SALT LAKE CITY — A Salt Lake man faces several charges accusing him of breaking into a home and changing the locks on the doors after the owner refused to sell him the house for $90,000.
Andrew Blackwell, 25, was charged Friday in 3rd District Court with burglary and forgery, both third-degree felonies. He was also charged with stalking, a class A misdemeanor, and theft, a class B misdemeanor, among other charges.
The bizarre series of events began on Aug. 30, when police were called to a home in the Ballpark neighborhood after learning there was a “belligerent person” in the home, and that the person was taking things from the residence, the charges state. The officer got there and found Blackwell, police said, and told him not to return.
The next day, another officer responded to the same home after receiving a call that a man had broken in. Upon arriving, the officer saw a front window open and tools on the front porch, police said.
The officer then spoke to Blackwell, who told the officer he had been “working on the yard” and “had opened the window to allow the house to ventilate,” police wrote in the charges. Blackwell allegedly told the officer he did not have permission to be in the house.
On Sept. 11, another officer responded to a possible burglary at the same home. There, the officer found Blackwell, who said he’d cut down trees, shrubs and bushes on the property, the charges state. Blackwell told the officer he’d written a letter to the homeowner, an elderly woman, stating that he wanted to buy the home for $90,000, according to court documents.
When the woman hadn’t responded to Blackwell, he told police he went to her home at another address, the charges state. In person, the woman said she told Blackwell she would not sell the home to him for that price.
Real estate database Zillow estimates the value of the residence at about $250,000.
The woman told investigators that Blackwell was threatening to her during that visit, the charges state, and told her he would “forge any document” necessary to get the home from her. After Blackwell’s visits to the home, the woman’s keys no longer worked there, police said.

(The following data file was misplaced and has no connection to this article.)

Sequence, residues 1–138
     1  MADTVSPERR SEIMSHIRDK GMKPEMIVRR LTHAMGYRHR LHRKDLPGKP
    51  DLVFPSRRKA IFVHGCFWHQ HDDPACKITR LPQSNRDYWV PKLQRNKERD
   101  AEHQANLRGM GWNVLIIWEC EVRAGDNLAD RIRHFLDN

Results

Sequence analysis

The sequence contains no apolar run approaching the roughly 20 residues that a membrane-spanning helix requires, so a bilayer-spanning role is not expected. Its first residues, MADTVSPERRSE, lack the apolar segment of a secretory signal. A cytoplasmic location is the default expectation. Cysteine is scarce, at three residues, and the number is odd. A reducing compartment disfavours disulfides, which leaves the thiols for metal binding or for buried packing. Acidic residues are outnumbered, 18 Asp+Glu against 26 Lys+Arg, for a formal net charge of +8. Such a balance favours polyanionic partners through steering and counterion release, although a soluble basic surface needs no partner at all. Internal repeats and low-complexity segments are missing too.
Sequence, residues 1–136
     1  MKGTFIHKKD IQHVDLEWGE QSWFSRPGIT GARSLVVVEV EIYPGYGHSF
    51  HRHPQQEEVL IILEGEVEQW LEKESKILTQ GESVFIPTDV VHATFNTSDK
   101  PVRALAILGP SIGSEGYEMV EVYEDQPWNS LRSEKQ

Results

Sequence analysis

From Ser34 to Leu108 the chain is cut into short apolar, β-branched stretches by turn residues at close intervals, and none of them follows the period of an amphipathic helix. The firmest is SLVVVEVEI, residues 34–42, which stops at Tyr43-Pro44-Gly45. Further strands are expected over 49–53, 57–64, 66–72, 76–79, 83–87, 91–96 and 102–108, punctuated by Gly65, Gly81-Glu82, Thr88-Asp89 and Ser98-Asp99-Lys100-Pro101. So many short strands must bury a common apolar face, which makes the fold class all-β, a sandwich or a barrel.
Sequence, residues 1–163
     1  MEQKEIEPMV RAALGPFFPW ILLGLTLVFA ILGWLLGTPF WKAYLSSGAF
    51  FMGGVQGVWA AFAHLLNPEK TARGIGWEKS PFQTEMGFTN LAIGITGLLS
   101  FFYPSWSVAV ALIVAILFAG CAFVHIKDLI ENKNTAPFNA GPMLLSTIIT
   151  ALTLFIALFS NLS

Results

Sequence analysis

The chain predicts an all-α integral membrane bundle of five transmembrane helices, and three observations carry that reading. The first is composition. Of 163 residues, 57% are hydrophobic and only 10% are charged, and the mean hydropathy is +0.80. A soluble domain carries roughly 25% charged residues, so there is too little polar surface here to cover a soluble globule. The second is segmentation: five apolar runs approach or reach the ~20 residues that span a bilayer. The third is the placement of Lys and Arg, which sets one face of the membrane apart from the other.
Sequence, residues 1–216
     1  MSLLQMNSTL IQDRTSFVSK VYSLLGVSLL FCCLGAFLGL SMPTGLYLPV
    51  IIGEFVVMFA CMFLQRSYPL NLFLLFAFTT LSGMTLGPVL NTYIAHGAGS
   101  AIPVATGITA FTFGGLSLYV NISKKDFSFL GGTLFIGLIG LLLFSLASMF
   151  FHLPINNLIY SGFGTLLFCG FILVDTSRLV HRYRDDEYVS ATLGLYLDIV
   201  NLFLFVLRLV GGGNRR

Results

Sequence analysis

On Sept. 11, the officer “noticed that there was a broken window on the home, that the home had been completely cleared of property, that there was a refrigerator lying on the front porch, and new deadbolts on three external doors,” police wrote.
Blackwell allegedly told the officer he’d taken the refrigerator out. In an email to the officer, Blackwell also said he’d locked the gate of the home with his own chain and lock, and planned to return to remove more plants “just as long as it builds my case to gaining title to the house,” the charges state. He also told the officer he’d removed the contents of the house — and asked the officer to help him get the water going, court documents say.
On Sept. 24, the homeowner told police that Blackwell had a truckload of wood chips delivered to the home. She also contacted Rocky Mountain Power about the home’s electricity, but said the company wouldn’t give her information about who was controlling the electricity.
Blackwell allegedly told another neighbor he’d created a business titled with the home’s address, and had set up electricity through the business, police wrote. He showed that same neighbor a collection of CDs, which he said he took from the elderly woman’s property, according to the charges.
Blackwell allegedly told neighbors he bought the house for $5,000, police said.
He was also charged with three counts of criminal trespass after notice, and criminal mischief, all class B misdemeanors.
A warrant for Blackwell’s arrest was issued Friday.